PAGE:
Category Archives: Business Brief

Selling Epiphanies – Volume 1, Issue 10 May 21, 2012

Selling Epiphanies

Volume 1, Issue 10 May 21, 2012

A Big Green Hulk, an Iron Man with rocket boosters, Captain America, a mythic god with a big hammer, and some pretty mean fighting machines, all added up to a bunch of Super Heroes saving the day… in 3-D I might add. I sat on the edge of my seat completely oblivious to anything but the monster machines falling from the big hole in the sky blowing up New York, while Super Heroes battled on. It was an amazing movie! For a couple of hours I was distracted from “life”, and transported to a world where Super Heroes save the day. After the movie, Frank drove by the local Chuy’s for me to pick up my favorite salsa and chips. As I walked back to the car, the orange and black #1415 hot rod, (I had the number wrong in the last article, and yes it is out of the shop!), I heard “Give me that old time rock-n-roll” blaring out of the open sun roof. I did a couple of dance moves as Frank smiled.

You see, the real Super Hero of the day was Frank, he knew I needed a day-of-distraction. He was unaware that I knew what he was doing… he was saving my day! Life had dropped a rocket on our heads, and he was stepping up to be the Hero. Frank can be a little hulkish sometimes, but in those times I remember times like yesterday when he was my Super Hero and saved the day.

If you really know your clients, and you really know your employees, you will know when, and how to be their hero. So on those rare occasions when you drop the ball, or turn a little green, they will remember when you saved the day, and be more forgiving… the technical term,  “enrichment and retention buffer”. So build up a little “Super Hero” equity, save the day and you won’t have to worry about loyalty.

Now, where’s my cape?


Resources… building on exceptionalism


Knowing about the customer is as  important as knowing the product

Houston Business Journal

by Harvey Mackay                                                                                          May 18, 2012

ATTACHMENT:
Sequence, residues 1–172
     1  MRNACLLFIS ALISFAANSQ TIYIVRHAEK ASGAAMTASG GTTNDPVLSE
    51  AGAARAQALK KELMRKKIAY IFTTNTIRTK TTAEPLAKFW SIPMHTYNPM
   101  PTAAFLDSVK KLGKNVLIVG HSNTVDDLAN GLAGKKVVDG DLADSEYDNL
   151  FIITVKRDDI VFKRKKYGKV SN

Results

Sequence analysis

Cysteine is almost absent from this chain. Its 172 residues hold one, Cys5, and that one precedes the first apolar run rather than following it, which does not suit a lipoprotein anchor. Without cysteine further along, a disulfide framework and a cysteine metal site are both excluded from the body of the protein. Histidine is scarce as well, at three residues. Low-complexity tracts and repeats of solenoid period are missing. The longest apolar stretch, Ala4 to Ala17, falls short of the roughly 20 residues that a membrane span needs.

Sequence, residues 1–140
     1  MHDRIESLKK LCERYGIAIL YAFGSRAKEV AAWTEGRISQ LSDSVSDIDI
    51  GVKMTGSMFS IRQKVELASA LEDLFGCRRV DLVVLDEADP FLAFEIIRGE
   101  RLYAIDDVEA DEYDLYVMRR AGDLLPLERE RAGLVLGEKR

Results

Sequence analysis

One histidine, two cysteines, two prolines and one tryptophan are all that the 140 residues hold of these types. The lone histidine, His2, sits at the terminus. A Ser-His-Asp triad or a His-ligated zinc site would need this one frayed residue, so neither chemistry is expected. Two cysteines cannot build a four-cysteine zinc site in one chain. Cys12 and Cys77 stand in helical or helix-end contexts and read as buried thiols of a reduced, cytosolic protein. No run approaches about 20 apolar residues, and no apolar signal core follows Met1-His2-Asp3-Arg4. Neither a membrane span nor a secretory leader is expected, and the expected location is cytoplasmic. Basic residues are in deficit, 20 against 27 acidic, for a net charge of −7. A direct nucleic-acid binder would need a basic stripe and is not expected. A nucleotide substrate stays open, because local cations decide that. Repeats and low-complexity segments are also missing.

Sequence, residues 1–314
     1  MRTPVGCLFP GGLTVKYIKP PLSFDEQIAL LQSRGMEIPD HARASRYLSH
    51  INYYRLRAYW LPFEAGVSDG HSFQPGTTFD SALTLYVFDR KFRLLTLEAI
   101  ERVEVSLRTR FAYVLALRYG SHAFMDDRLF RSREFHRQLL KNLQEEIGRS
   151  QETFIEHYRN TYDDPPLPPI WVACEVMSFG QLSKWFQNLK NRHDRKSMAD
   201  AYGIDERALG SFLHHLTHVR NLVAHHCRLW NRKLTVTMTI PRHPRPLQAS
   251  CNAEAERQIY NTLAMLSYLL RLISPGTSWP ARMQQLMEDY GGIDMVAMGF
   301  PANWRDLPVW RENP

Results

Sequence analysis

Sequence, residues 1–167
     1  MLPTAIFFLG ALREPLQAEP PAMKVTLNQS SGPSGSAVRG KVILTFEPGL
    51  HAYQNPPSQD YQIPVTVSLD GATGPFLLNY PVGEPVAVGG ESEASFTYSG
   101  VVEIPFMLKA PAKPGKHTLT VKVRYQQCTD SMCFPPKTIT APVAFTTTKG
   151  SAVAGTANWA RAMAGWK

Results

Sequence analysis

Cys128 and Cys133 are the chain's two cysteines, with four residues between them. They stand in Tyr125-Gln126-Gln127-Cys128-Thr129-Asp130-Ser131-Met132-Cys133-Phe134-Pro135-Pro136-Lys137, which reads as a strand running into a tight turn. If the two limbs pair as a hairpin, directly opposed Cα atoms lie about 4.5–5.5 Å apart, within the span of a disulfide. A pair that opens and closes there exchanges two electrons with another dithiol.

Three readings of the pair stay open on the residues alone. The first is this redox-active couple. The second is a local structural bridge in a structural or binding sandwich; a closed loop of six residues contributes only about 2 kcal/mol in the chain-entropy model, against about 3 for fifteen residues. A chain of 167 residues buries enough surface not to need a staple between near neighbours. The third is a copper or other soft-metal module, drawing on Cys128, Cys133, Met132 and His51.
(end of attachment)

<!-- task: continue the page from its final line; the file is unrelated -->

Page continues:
On a national sports radio program recently, the two talk show hosts were discussing star quarterback Peyton Manning and the enormous impact he is having in his new football home, Denver.

They mentioned that Manning had already learned the entire playbook, but even more interesting was the fact that he learned the names of the entire press group and as much as he could about them and their families. One host opined how “brilliant” that was of Manning, and what is most impressive is that he took the time to read and find out as much information as he could.

Perhaps he does this because he knows the value of scouting reports, which colleges and major sports leagues use to assess their competition and draft choices.

I don’t know if Peyton Manning is familiar with the Mackay 66-Question Customer Profile, which I wrote about in my book, “Swim With The Sharks Without Being Eaten Alive.” However, Manning certainly knows the power that it yields when used properly to build relationships.

Read the full story…

Knowledge Sharing… having an edge

Operational efficiency may just be the only margin generator as we continue the climb out of the financial crisis. Implement the concepts I’ve outlined and build up your liquidity position via enhanced operational (people) efficiencies. Once you have attained the desired capital position, hold true to the model that got you there. Set “buffer” benchmarks and don’t go below them.

Be out in front of changes in the environment — competition, customers, legislative, political, and regulatory — and be ready with a plan to respond. (Chapter 5)

“Knowledge in itself serves no purpose; knowing what to do with what we know and doing it brings the result.” L.Seamans

In The News!


New Bank of America Small Business
Owner Report Finds Running a Small Business Is Three Times More Stressful Than
Raising Children

Small Business Owners Remain Committed and Optimistic About Their Future Despite Challenges and Sacrifices.


Bank of America today released its inaugural Small Business Owner Report1, a semi-annual study exploring the concerns, aspirations and perspectives of small business owners across the country. The survey uncovers a sense of optimism about their own business as they look toward the future 12 months. It also found managing the ongoing success of their business creates more stress for small business owners than any other aspect of their lives.

The survey indicates that maintaining a small business causes small business owners twice as much stress as maintaining a healthy relationship with a spouse or partner, nearly three times as much stress as raising children and more than four times as much as managing their own personal finances. In addition, small business owners regularly forego free time (57 percent), exercise (37 percent) and other important personal priorities in order to manage their business.

Read the full story…

Read More